Every hook-up has its price

Kirk: When I was eight years old, my brother told me that he was dating three girls at once. I had no idea what this meant. But damn, I wanted to be him. I wanted


When I was eight years old, my brother told me that he was dating three girls at once. I had no idea what this meant. But damn, I wanted to be him. I wanted to date 60 girls at once. And if I couldn’t do that, I at least wanted to beat his high score in California Games on our Commodore 64.

I imagine that my brother’s early 90s version of dating is a lot like our generation’s version of hooking up. Not many friends that I run into are “going with” anyone, and even less are “going steady.” This shouldn’t come as a surprise to anyone who’s taking five classes, working a job and trying to land an internship. A lot of us just don’t have the time for relationships we probably wish we had.

So, many are just hooking up. It’s not a bad deal – hot, spontaneous sex with that cutie I just met, no strings attached? Sign me up. But with the back and forth comes the ups and downs.

Lust is like that friend that shows up to your place with two 40s of Olde English and Madden ’08 on a Wednesday night. When it happens, reason, morals and obligation go straight out the window. The key to hook-up happiness is doing everything in your power to limit the social and emotional complications that come with casual relationships.

By all means, borrow notes, flirt and score a study date with that hottie in political science. But if you sleep with her and the spark dies, be prepared for a 14-week walk of shame. Feel the situation out until the end of the semester, or plan on hitting it before the deadline passes to withdraw without a grade. The same applies for sex with friends and co-workers, but there won’t be an adviser there to help you through the agonizing process.

If you’re banging someone on a regular basis, chances are that one of you is going to get emotionally attached. Unless you found the Holy Grail of hook-ups; it’s natural for one person to be more attracted than the other. Either you’re getting clingy because it took 10 dates to get her or she’s sticking around because you’re “so much more mature” then the freshmen on her floor. If you truly don’t want a relationship, play by Nada Surf’s rules and “tell [her] about your one-month limit.”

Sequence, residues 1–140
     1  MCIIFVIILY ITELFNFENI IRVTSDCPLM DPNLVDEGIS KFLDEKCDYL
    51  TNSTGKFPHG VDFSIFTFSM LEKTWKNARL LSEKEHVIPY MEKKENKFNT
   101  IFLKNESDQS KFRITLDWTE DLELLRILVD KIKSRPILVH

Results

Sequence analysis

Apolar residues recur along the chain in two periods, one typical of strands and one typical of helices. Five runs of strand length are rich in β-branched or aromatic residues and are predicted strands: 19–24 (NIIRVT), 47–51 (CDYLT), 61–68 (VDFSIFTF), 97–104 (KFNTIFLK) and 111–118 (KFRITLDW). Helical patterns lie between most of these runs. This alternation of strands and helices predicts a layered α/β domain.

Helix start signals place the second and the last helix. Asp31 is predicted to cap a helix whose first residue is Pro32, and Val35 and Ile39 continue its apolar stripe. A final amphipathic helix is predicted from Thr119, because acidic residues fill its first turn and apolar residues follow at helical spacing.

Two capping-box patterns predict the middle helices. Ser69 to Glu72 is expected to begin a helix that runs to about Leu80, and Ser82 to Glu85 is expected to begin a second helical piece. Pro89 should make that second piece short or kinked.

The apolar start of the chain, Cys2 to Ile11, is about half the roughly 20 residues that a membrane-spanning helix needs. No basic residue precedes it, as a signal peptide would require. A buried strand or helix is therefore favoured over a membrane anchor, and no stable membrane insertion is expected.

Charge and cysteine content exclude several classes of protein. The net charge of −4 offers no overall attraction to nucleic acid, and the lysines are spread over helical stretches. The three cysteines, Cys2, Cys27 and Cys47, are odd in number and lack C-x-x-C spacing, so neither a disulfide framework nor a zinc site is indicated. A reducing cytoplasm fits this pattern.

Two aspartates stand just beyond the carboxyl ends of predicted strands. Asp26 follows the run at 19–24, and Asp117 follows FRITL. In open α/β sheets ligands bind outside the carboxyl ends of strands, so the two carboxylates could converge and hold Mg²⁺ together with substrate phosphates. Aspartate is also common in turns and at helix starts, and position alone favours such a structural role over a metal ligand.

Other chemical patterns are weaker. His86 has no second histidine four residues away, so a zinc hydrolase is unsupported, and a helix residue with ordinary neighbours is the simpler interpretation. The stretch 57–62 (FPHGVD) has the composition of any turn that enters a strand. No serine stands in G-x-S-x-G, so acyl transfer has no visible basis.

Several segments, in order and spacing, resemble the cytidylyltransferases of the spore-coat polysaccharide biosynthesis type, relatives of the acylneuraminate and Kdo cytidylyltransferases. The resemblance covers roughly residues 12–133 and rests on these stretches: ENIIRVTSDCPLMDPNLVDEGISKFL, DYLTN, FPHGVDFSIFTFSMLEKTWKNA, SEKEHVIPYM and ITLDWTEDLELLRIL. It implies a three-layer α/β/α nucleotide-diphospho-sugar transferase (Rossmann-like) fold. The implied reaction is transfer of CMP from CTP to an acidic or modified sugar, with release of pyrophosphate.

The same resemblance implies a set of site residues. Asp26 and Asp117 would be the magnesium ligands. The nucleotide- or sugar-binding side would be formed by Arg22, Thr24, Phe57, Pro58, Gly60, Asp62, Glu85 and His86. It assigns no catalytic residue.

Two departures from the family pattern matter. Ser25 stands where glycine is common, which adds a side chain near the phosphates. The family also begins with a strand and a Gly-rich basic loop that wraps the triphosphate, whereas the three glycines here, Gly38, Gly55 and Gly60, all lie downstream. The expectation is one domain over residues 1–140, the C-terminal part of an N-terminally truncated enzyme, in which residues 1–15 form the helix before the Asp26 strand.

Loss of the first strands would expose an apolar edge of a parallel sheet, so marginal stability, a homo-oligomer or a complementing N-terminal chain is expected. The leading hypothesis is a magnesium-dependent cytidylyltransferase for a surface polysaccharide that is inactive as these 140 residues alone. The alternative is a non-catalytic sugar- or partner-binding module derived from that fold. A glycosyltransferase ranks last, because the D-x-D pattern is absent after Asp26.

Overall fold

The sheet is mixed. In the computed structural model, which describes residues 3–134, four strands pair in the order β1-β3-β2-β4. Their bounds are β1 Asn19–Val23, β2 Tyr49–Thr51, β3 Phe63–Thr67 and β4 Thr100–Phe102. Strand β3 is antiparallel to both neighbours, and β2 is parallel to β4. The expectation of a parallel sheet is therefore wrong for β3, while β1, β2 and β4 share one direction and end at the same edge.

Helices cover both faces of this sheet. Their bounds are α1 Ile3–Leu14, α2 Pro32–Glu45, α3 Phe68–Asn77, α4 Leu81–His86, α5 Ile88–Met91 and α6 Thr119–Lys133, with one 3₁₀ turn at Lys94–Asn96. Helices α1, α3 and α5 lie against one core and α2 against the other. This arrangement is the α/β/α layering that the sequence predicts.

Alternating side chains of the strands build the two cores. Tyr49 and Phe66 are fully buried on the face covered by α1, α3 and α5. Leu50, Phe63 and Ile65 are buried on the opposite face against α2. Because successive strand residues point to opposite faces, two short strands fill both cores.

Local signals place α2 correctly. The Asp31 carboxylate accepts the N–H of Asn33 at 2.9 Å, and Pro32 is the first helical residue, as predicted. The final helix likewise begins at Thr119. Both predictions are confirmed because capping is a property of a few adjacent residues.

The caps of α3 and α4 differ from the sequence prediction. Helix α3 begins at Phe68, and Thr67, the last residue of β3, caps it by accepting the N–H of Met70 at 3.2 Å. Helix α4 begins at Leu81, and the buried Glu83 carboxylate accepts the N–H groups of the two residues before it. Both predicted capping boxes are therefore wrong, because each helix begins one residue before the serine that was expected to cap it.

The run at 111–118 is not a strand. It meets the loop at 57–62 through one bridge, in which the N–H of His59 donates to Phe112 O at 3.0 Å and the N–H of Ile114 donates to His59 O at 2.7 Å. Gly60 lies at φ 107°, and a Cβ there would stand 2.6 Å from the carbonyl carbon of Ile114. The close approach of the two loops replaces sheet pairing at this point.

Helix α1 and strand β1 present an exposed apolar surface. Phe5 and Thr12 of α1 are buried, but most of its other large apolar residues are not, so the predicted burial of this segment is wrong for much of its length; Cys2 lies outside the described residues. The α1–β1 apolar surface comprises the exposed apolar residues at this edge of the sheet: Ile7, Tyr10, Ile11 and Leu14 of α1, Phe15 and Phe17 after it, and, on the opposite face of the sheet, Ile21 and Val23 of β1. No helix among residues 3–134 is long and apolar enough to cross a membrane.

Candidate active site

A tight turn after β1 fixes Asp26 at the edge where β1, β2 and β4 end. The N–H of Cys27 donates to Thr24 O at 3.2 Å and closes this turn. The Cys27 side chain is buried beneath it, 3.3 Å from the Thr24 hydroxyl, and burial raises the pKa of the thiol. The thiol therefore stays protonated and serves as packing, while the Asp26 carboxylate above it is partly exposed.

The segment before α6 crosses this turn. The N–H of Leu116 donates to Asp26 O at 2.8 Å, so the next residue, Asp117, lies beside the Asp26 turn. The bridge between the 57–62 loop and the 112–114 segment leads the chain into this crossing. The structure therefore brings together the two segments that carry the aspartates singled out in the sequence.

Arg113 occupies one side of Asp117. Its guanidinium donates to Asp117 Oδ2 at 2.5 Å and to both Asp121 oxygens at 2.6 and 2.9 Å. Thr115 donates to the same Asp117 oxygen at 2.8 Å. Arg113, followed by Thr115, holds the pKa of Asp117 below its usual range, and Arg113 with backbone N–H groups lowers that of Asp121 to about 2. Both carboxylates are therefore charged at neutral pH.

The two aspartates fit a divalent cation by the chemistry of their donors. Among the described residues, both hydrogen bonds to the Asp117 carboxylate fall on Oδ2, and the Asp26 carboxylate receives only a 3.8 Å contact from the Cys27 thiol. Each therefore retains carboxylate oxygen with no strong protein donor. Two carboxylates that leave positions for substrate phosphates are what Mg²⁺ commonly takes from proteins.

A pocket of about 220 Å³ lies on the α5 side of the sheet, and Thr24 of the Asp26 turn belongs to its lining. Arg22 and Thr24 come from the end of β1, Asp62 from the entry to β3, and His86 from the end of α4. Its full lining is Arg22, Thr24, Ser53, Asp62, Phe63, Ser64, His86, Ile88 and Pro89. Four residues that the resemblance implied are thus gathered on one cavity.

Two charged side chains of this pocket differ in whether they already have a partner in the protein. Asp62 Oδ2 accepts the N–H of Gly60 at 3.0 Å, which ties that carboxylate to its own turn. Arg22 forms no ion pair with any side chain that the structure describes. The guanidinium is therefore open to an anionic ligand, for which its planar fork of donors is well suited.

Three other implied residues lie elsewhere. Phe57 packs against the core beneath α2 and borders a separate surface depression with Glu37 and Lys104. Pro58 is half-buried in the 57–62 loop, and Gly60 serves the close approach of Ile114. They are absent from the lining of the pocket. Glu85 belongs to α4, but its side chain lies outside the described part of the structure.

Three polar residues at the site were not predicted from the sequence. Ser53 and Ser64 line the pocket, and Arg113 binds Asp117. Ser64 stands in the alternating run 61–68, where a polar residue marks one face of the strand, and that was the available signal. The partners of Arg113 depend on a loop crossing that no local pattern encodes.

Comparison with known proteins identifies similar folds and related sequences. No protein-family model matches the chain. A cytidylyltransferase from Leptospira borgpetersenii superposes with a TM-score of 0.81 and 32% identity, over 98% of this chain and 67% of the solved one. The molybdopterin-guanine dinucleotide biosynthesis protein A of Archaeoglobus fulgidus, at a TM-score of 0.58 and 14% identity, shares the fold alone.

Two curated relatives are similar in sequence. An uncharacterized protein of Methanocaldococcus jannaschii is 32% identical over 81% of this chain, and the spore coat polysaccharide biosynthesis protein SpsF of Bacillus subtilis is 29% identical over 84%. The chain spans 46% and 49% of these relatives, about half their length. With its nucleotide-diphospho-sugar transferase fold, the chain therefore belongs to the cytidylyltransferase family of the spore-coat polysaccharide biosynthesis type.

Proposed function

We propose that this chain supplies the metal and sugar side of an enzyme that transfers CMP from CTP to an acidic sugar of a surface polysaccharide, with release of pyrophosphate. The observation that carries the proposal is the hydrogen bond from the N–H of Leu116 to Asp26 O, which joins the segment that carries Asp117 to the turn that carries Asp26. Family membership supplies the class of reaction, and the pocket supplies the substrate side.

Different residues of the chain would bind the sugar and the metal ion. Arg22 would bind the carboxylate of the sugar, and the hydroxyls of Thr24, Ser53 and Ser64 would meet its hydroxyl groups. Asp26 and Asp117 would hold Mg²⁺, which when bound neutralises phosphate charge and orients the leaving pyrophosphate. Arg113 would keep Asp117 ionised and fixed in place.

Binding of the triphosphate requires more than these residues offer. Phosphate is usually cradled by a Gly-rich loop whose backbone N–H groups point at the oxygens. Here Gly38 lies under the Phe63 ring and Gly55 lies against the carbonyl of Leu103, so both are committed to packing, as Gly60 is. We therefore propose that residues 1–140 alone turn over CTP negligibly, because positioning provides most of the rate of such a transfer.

If you’re down and dirty, my advice for casual sex is simple. Get a mouthful, but don’t bite off more than you can chew.


When Superbad makes you question your attitude toward one-night stands, the time has come for a sexual vision quest. It’s a comedy about horny teenage boys, for Christ’s sake. It shouldn’t give me the guilts. But when Seth and Evan realize that losing the v-card doesn’t warrant disrespecting women or drinking so much you forget the experience, it got me thinking. Is meaningless sex worth the repercussions?

If you take the nihilistic approach led by James Park, the answer is a big, horny “Hell yes.” These naysayers believe that romantic love is a Western, WASP-y wet dream formulated 800 years ago to legitimize religion, marriage and the nuclear family. If this is the case, why not have sex outside of relationships? Everything else is a figment of our hopelessly romantic, Mario-and-Princess Peach imaginations.

Recent scientific studies aren’t much kinder to the anti-hook-up troupe. Boiling it all down to chemicals (dopamine, serotonin and oxytocin), neuroscientists and psychologists such as Helen Fisher believe that love is your brain on drugs for a maximum of 30 months. Then you enter the “companionate” stage, which translates to becoming your boring parents. The very thought of such a passionless existence makes me want to make a booty call ASAP.

If only it was that easy. After my four-year relationship deteriorated last spring, I was a hedonist with a one-track mind. I naively thought that sex could be as noncommittal as the Romans, nihilists and scientists said it was. Oh, and that I could be friends with my hook-ups, sans the awkwardness.

But then life gets in the way of sex.

Your casual encounter cooks you eggs the morning after and it’s weird. And you work with him eight hours later. A friend of a friend catches a feeling after one night of drunken sex and won’t stop calling. Or, despite all of your attempts to be an emotional black hole, you get a crush.

In the post-sexual-revolution, third-wave-feminist world, it’s hard to understand why sex is still so complicated. With alpha female career paths and Golden Girl friendships, many women don’t have the emotional need or open schedule for dating.

But for some annoying, evolutionary reason, sex and emotions are intertwined like legs in an orgy. Someone always gets shady, uncouth or attached – and most of the time, it’s stems from a communication breakdown early on. Ladies and gents, is it possible to avoid all the negative consequences by being honest?

It seems simple enough. Looking for more than a flaky lay? Say so. If you only want animalistic, meaningless sex, speak up. Unfortunately, it’s even hard to keep track of our own intentions. Emotions aren’t static like a Hollywood comedy script, and they often change overnight.

With the pros and cons laid out, I’m still not sure if noncommittal sex is worth the post-hook-up complications. If only I had gone on that sexual vision quest, I could ask my spirit animal for love life advice.

Brian Kirk can be reached at brian.kirk@temple.edu.
Holly Otterbein can be reached at holly.otterbein@temple.edu.

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